We also seek to bring a Rare Isotope Accelerator to MSU. Again we are risk-takers, with heavy odds against us, in the minds of some. But like so many other chapters in our history, the quest for RIA is about excellence, about innovation, and about the future.

For the state of Michigan, RIA presents a new paradigm, based upon intellectual capital. And for the world, it presents a university-based approach to answering monumental questions – nothing less than answering questions about the very origin of the universe. RIA belongs at MSU. The expertise is here. The commitment is here. The vision is here. And the track record is here.

At MSU we are especially prepared to meet the challenge to integrate our learning. We must value MSU’s distinct – maybe even unique – commitment to interdisciplinary and cross-disciplinary approaches to education and research. This MSU distinction will elevate us in the next 50 years. For example, our Environmental Science and Policy Program brings together faculty from nine colleges to create an environment of flexibility, creativity, and knowledge derived from diverse academic areas. We must remain committed to such approaches; our reputation in the long run will be enhanced significantly, I am certain.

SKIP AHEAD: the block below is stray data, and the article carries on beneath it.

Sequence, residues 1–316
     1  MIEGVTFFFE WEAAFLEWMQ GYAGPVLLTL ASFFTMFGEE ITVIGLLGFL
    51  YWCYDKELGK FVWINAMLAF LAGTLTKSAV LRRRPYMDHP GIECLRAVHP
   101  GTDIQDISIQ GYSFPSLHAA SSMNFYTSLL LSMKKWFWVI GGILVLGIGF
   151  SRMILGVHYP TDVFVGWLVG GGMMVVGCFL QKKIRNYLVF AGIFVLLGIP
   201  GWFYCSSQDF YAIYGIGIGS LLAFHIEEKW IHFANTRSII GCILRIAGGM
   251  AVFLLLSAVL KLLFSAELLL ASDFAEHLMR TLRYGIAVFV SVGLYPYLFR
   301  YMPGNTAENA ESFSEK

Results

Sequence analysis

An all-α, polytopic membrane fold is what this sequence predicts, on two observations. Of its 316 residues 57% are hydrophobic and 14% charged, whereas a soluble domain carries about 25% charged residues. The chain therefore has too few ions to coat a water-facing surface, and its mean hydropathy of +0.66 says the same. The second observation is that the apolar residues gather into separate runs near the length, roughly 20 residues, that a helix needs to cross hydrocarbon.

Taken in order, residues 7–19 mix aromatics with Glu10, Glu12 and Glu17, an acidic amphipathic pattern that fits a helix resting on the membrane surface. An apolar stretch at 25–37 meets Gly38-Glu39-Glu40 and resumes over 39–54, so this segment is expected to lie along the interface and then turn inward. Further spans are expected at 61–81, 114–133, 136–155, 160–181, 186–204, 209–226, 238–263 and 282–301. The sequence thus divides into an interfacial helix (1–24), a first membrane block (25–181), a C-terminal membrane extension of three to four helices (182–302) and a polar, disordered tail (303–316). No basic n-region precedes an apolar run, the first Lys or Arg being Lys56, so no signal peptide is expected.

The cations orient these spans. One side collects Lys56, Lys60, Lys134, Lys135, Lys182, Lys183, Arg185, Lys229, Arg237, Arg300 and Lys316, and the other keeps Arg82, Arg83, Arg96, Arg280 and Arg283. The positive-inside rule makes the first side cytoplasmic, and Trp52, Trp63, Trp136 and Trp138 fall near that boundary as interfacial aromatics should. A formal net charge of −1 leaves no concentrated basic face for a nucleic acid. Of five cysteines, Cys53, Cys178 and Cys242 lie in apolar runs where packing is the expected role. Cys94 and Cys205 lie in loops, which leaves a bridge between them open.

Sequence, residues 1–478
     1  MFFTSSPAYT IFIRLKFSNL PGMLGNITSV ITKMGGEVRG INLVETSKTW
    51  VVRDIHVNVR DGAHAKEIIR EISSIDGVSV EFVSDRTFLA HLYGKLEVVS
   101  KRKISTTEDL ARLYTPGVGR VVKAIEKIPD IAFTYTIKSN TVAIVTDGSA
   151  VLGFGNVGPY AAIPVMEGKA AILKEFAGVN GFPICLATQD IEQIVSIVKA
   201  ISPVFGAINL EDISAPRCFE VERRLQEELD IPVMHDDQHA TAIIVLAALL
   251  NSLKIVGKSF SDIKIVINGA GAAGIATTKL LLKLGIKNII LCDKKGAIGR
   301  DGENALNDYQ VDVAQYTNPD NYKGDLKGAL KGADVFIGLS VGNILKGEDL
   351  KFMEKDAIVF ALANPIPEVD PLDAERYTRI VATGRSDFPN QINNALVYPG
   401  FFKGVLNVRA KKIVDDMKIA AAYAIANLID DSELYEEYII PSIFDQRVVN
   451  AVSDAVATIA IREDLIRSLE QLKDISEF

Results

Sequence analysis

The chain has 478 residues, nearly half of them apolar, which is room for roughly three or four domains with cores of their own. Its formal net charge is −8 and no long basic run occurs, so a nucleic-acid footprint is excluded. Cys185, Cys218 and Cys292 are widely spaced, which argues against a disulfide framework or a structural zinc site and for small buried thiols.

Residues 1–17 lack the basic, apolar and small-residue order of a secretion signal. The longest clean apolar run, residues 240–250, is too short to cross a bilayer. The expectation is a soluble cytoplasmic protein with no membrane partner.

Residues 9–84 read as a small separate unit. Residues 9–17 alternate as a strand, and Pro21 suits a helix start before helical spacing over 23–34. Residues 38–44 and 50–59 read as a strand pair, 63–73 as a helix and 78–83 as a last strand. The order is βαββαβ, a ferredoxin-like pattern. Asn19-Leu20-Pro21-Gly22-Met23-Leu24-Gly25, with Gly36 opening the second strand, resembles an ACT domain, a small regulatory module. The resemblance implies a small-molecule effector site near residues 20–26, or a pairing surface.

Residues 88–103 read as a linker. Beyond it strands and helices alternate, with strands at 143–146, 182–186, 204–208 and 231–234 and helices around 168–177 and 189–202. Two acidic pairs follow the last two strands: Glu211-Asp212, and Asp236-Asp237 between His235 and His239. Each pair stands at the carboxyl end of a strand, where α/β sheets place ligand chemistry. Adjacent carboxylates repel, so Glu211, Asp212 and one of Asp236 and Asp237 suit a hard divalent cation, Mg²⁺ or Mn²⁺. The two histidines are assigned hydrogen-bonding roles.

I predict that one of the most dramatic changes in American higher education over the next half-century will be a realignment of disciplines and a move toward integrating disciplines. And again, all eyes will turn toward the pioneer…in East Lansing, Michigan.

Our nation’s public universities, and indeed this nation itself, must never lose sight of the challenge to excel. We must nurture and support excellence. Like in our $1.2 billion capital campaign, private support will more and more be a part of this quest. But public disinvestment in higher education must be forcefully challenged in the years ahead. The land-grant revolution itself…the GI Bill…the space race…Pell Grants…cancer research…cooperative extension…genome research…and so much more.

The record is clear: public support for higher education has been this country’s best investment in its future.